Johnson has wonderful comedic timing. Yes, her character is evil, but she shows devilish delight in her planning. Gialdini and Forrester are almost polar opposites as sisters. Gialdini, even when pressed by Madame, shows Gabrielle’s heart and softness. And she’s quite smitten with Jean-Michel, showing great delight in his causes. Her glee at the prospect of helping him at the soup kitchen is delicious. Forrester is complete comic relief throughout the show. Her character is horribly inept, and through Forrester’s actions and facial expressions, Charlotte clearly knows how outclassed she is by everyone around her.
Martinez is bubbly, humble, and quite nimble, and his character is a welcome addition to this new version of the show. He has some nice chemistry with Gialdini as their romance gently develops.
Ceseña has a nice transformation, going from what seems like a background character to taking command in a major leading role. Her bearing post transformation is more forthright and self-assured, yet she is still very kind and nurturing.
Prosak is a perfect villain, and he slyly consorts with his partner in crime in a very sleazy way.
Kuo-Hao Lo’s scenic design adds a wonderful dimension from the cottage in the forest that opens to show cozy living quarters, to the grand castle staircase upstage as a backdrop to the ball. Carey incorporates the set changes nicely into the stage action so that movement happens coincident with the scene progression keeping the story moving at a comfortable pace.
Michael Ramsaur’s lighting design helps focus the audience’s attention and provides elegant mood enhancement throughout the performance. The only momentary dead time occurred at the end of Act 1 waiting for the house lights to come up for intermission possibly due to a late light cue.
Lisa Rozman’s costume design works well overall. If audiences look too closely, they might notice some imperfections, but the general appearance fits the show. A few of the costumes, while appearing oddly bulky at times, also allow for some interesting on-stage transitions.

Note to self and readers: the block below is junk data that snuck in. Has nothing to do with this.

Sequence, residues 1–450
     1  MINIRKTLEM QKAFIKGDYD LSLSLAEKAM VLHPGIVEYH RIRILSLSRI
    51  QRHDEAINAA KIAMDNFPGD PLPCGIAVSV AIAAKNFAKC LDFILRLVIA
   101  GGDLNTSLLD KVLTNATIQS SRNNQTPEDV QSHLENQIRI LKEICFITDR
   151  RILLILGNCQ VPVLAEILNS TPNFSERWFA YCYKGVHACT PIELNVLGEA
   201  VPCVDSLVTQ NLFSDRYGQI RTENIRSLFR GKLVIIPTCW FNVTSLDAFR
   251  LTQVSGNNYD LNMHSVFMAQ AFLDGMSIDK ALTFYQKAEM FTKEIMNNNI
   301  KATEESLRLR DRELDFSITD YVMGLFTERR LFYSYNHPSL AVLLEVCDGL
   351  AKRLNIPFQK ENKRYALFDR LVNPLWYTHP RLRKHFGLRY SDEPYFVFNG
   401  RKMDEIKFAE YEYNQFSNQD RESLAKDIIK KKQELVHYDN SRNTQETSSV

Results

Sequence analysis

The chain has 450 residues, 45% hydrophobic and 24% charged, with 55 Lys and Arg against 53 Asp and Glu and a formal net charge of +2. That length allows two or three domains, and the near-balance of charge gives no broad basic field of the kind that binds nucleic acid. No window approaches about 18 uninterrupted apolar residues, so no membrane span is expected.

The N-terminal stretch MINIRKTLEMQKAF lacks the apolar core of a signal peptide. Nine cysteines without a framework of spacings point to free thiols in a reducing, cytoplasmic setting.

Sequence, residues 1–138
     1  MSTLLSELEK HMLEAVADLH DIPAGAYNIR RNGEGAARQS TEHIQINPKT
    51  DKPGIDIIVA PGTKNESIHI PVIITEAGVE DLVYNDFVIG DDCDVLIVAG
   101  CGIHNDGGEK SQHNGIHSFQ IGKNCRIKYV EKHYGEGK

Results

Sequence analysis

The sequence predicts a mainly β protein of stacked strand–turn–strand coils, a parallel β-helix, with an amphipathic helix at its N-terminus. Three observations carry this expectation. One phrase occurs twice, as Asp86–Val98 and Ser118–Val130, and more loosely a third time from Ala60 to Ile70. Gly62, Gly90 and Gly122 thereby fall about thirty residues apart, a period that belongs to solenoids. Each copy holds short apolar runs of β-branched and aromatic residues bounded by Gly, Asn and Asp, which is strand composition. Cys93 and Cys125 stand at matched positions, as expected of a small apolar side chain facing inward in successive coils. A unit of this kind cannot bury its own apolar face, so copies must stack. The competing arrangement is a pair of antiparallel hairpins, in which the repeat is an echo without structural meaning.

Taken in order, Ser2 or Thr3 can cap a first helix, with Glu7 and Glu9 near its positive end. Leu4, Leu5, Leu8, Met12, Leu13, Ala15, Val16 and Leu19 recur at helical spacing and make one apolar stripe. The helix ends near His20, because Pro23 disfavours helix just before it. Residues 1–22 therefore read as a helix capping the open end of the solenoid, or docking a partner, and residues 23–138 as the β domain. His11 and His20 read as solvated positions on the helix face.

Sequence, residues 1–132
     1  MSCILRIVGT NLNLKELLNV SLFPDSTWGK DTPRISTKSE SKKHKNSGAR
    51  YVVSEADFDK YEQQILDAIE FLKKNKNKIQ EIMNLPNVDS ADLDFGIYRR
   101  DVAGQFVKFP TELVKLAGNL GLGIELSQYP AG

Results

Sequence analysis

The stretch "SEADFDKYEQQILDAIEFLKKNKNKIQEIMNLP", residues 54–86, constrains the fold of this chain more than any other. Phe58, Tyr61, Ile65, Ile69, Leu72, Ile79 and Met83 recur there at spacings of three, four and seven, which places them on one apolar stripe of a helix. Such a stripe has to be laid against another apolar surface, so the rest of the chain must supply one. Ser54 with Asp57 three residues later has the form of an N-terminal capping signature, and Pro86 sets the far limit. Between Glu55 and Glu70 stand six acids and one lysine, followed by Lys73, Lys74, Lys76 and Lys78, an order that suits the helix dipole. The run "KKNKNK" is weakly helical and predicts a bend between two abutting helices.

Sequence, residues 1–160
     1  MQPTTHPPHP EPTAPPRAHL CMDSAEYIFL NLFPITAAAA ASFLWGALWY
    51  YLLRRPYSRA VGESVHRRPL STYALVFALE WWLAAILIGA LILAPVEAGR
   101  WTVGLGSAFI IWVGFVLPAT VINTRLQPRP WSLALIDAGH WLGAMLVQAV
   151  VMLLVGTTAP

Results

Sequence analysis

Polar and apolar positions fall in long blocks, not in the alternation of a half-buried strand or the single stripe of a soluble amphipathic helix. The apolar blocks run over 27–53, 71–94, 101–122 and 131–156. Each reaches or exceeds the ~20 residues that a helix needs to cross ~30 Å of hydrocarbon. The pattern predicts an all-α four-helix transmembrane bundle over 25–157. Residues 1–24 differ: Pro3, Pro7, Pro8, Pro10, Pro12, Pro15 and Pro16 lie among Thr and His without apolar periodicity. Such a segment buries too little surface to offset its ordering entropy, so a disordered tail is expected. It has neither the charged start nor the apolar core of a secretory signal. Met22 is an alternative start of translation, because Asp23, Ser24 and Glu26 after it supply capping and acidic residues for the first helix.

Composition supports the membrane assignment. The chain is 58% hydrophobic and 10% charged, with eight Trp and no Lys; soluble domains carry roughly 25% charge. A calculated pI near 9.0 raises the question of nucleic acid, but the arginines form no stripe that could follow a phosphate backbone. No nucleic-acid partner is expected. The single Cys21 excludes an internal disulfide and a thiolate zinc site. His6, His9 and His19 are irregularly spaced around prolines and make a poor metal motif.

Sharon Peng’s wig designs also hit the period and mood well, enhancing the characters and adding nice color and texture to the mix. Charlotte’s wig is especially notable in terms of enhancing her character’s eccentricities. During the run, the wigs could use just a little more care and feeding between performances as some of the more elegant ones seem to be a tad more frazzled than they should be.
While the original orchestration of Cinderella was written for 27-32 players, this new version was written for 20 musicians. FMT streamlined the instrumentation even more and uses a lively 12-player pit for this run including Feyer directing from the keyboard. Even with this reduced instrumentation, the score sounds complete. The balance between orchestra and cast is excellent, and cast diction is crisp and clean on all of the vocals. The melodic and harmonic mix is rich and covers a wide dynamic range. A couple of vocal solos have some momentary support loss crossing a singer’s break, but overall, they are nicely done. On one of the more militaristic numbers, the drums seem a bit too pronounced, though not so much so that any vocals or other instrumentation are lost.
This production is appropriate for the entire family. The theater magic is plentiful, the story is charming, and it makes for an enjoyable evening’s (or afternoon’s) entertainment. There’s only one weekend left, so hurry before it’s gone.
Where: Smithwick Theatre, Foothill College, 12345 El Monte Road, Los Altos, CA 94022
When: Continues through 4 August 2019, Thursday at 7:30pm, Friday and Saturday at 8pm, and Sunday at 2pm.
See FMT’s Cinderella or call (650)949-7360 for tickets or more information.
(Photo credits: David Allen)
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Rodgers + Hammerstein’s Cinderella: The Complete Book and Lyrics of the Broadway Musical
Rodgers & Hammerstein’s Cinderella (ABC Studios)
Cinderella (2015) (Plus Bonus Features)
Cinderella (Plus Bonus Content) – Animated